Five trends in industrial communication technology
By Ralf KleinGeneral Electronics Manufacturing communication industrial manufacturing networks
Connectors are smaller, smarter and can be customized.
The COVID-19 pandemic has thrown a wrench into normal activity for industrial automation manufacturers – no in-person trade shows, no going to technical conferences, making sales calls or giving live demonstrations.
Yet innovation hasn’t stalled. Engineers are working from home, sharing work on new products and concepts. If anything, interaction with customers has intensified.
There’s no delay in product development. In some ways, it’s moving even faster thanks to this acceleration of digital communications.
Network and industrial connectivity innovations making it to market are being driven by these ongoing trends:
1. Miniaturization – less is better. Device manufacturers are continually looking to shrink their products, so connector manufacturers must always miniaturize theirs. That cuts across all market segments. Space-saving connectors support multiple small drives and displays with the same reliability and flexibility expected from larger connectors.
2. Connectorization – why connectors are prevailing. With the prevalence of modular machine design, connectors are increasingly preferred to hardwiring/lugging for wiring such systems. They’re plug and play. Hardwiring is time-consuming. Many OEMs have found the true cost of hardwiring is greater, not less, than connectorized wiring once they account for the labour associated with breaking down the machine into sections for shipping and reassembling it at the customer’s location. Connectors speed troubleshooting and shorten downtime. Additionally, connectors are perfect for applications where wiring is detached, such as frequent tool changes or for rapid machine changeovers in IIoT for custom and small-batch production.
3. Customization – having it your way. The great strength of rectangular industrial connectors has always been modularity. Users configure them for the precise needs of applications using standard components. There is a big push to expand digital services online and downloadable that makes the user’s configuration experience that much easier and faster.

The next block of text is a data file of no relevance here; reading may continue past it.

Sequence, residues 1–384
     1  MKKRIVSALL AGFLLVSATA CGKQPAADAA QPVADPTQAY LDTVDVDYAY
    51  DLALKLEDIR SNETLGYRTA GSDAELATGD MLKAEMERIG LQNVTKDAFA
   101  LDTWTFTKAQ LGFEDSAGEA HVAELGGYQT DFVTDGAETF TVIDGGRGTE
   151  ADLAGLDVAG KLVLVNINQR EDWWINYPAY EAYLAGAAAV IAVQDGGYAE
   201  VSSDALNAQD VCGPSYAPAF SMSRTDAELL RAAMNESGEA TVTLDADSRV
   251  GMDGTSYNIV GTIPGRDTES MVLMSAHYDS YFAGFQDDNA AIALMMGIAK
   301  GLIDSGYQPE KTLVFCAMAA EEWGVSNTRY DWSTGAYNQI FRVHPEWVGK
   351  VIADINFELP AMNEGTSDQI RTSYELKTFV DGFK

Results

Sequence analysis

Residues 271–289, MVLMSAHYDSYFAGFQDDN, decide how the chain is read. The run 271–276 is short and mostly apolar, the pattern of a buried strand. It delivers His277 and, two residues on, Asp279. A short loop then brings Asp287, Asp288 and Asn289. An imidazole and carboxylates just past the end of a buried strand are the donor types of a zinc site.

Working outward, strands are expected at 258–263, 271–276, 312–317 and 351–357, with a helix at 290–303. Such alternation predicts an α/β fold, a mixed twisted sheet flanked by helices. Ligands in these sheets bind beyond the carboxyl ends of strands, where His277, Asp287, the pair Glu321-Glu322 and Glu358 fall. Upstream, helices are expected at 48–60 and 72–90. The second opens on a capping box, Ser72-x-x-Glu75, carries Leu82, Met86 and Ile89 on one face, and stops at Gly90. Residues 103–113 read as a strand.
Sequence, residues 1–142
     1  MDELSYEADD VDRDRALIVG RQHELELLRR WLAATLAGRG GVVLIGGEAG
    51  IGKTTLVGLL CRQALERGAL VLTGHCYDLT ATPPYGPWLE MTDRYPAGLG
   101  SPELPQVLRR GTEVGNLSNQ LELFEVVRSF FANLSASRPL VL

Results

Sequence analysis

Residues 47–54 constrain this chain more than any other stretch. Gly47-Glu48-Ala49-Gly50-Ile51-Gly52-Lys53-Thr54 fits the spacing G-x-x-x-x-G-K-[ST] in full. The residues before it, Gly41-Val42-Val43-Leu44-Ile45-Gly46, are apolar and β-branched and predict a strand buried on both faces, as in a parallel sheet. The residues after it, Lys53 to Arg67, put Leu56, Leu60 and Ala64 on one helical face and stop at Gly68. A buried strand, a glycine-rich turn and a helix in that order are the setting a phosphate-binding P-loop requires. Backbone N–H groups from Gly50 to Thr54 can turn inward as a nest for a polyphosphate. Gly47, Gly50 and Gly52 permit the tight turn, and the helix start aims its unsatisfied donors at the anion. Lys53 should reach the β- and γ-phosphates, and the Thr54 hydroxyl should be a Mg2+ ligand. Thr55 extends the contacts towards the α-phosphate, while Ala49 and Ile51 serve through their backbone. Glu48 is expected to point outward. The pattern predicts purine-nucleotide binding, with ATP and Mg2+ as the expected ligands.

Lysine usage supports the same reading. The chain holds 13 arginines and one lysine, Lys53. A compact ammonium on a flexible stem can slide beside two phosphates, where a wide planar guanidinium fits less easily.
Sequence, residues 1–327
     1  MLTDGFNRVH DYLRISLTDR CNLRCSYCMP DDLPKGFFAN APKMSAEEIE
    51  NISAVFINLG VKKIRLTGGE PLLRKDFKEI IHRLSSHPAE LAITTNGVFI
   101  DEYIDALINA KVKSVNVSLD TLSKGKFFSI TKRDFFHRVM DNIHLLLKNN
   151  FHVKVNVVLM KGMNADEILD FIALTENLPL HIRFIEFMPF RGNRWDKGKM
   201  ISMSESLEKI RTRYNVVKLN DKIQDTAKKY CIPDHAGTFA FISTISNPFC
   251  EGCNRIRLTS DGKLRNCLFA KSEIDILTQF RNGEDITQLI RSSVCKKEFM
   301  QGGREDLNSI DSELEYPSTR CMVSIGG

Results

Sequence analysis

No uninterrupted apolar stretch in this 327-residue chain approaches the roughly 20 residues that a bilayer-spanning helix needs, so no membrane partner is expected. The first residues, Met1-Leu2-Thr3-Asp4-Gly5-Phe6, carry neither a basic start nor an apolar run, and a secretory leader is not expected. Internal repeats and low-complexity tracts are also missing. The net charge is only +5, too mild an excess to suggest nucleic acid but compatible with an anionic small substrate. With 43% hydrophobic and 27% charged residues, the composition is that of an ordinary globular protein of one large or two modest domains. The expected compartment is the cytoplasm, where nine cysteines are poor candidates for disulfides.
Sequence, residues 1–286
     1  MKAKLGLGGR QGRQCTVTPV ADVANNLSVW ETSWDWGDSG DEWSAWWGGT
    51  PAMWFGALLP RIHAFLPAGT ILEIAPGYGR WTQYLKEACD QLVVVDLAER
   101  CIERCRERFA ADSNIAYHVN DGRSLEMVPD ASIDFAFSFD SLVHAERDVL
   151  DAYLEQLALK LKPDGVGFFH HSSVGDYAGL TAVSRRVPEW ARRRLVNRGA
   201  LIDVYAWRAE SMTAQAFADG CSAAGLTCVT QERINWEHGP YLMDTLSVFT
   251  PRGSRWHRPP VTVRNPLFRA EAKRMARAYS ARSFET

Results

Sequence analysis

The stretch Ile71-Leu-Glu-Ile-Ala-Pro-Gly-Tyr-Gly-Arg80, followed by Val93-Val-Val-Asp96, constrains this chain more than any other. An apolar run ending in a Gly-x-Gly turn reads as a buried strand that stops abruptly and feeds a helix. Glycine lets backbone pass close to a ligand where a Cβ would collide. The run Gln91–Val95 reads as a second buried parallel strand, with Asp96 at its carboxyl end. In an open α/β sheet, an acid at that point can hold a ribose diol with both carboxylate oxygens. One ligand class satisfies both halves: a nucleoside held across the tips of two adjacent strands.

4. Smart Connectivity – the smart idea. Modular industrial connectors evolved to performing active functions, such as surge voltage protection, to protect digital or analogue I/O sensor circuits, or provide energy measurement and status monitoring. Putting surge protection, energy measurement, machinery ID and an ethernet switch in the connector eliminates the need for separate devices and cabling for these functions. For example, putting surge protection in the connector dispenses with the need for multiple surge arresters inside a control cabinet.
5. Last but not least – the (near) future of IIoT. What’s in the future? There are several promising areas, such as solutions for DC power transmission and e-Mobility, but single pair ethernet (SPE) is quickly coming into focus. The Industry 4.0/IIoT environment relies on data. Employing SPE in the lower levels of the automation pyramid promises to be the simplest, fastest and cheapest way to integrate hundreds and even thousands of sensors and other devices requiring only low power and limited bandwidth into a TCP/IP network from shop floor to the cloud. SPE delivers data and power simultaneously over a single pair of twisted copper wires. The cabling is thinner, lighter and less expensive than other ethernet or bus cabling. And most connected devices won’t need a battery or separate power cable.
SPE is fully standardized, and generic which promises to sustain a robust, competitive marketplace. There will be a large array of connectors with protection ratings up to IP65/67, in familiar styles including M8 and M12 and proven locking mechanisms like latch, screw and push-pull.
Development of new physical-layer (PHY) chips, cables, and test solutions is proceeding, with SPE-compatible devices likely to begin arriving in earnest in 2021. It’s something to watch.
Ralf Klein is managing director of Harting Electronics in Espelkamp, Germany. Harting’s Canadian headquarters is in Saint-Laurent, Que. Visit www.harting.ca.
This article first appeared in the July-August 2020 print edition.